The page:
• Clothes you no longer wear can be recycled into hip pillow cases or purses. You can take advantage of all that unique fabric from all your crazy Hawaiian or Mexican getaway purchases to update into pillows for a couch or bedroom, or use your men's blazers to turn into a hip purse. You can either do-it-yourself or ask your local dry cleaner who provides this service for a fee.

Tuesday, November 2, 2010

Recipe Keepsakes.

I was having breakfast one morning a few years ago at St. Cloud's restaurant in the Madrona neighborhood of Seattle when I noticed a framed recipe card and photo of a grandmother hanging on the wall. I read the story about the influence she had on the owner and I fell in love with the creative showcase. I decided to, once again, re-create this simple project for my mother on her birthday.

I thought about the importance of getting my hands on recipes actually handwritten by loved ones. This detail is especially important once that person is no longer living. So, luckily, I was able to get a copy of my great-grandmother's handwritten Baking Powder Biscuit recipe. I had never met my great-grandmother, Laura; my grandfather's mom, so this was especially unique to have. I found a rare photo of her and framed both the photo and recipe to finish this special birthday gift. I, also, put together another frame with three recipes and a photo of my mom's mom.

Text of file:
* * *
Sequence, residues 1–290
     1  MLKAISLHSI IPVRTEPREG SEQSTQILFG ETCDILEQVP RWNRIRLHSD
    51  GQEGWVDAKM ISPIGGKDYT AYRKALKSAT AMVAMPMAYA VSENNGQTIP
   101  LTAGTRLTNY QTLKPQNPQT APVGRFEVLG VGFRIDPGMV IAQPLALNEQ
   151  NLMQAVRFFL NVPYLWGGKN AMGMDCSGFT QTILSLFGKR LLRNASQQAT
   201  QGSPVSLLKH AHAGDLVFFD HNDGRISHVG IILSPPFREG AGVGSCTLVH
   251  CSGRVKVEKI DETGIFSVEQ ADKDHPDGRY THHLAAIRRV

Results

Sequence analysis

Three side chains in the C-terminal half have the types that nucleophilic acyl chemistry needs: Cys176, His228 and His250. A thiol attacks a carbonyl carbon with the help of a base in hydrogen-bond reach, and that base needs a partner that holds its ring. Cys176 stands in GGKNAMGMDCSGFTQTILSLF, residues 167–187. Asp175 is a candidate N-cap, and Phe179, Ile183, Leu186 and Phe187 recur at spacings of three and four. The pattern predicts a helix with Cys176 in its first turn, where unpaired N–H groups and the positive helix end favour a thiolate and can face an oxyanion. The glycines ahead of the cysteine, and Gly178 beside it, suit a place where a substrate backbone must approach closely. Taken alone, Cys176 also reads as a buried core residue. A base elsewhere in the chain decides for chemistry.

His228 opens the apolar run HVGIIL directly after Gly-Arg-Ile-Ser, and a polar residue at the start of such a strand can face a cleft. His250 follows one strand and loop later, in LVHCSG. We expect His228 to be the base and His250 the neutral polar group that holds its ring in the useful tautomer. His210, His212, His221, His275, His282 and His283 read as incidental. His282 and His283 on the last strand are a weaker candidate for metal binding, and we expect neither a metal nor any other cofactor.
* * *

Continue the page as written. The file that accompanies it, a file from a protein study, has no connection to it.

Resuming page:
My great-grandmother's recipe and photograph showcased in the kitchen.

My grandma, Marie, as a young girl and three favorite, family recipes.
When I got married over four years ago, I wanted unique and thoughtful gifts to give all my favorite gals who stood up with me. I couldn't think of a better gift than the recipe-photograph combo for each of them. This was a challenge because several of their special family members were no longer with us. I reached out to their family to see what they could find and was pleasantly surprised when I was able to put together a recipe with a photo for each of the five gals. (Some got two.)

These gifts are perfect to display in the kitchen and a wonderful way to collect and preserve those special mementos of some of your favorite people you grew up with. I'm currently getting my Dad to write a couple favorite Russian recipes to accompany a great photo of him in the kitchen. I know my kids will appreciate it someday as much as I have.

To celebrate old recipes and the people who made them, I'd like to highlight my great-grandmother's Baking Powder Biscuit recipe written exactly as she wrote it:

3 c flour
1/2 tsp salt
3 tsp baking powder
1/2 c shortening
1 cup milk

Sift salt and baking powder with flour. Cut in shortening. Add milk and mix in dough. Put dough on floured board and roll out and cut the biscuits out. Put on greased pan and bake in hot oven 450 degrees for 12 minutes.

Sunday, October 24, 2010

Re-creating a night.

Brothy - yet creamy. A fantastic combo with the potatoes, sausage and vegetables.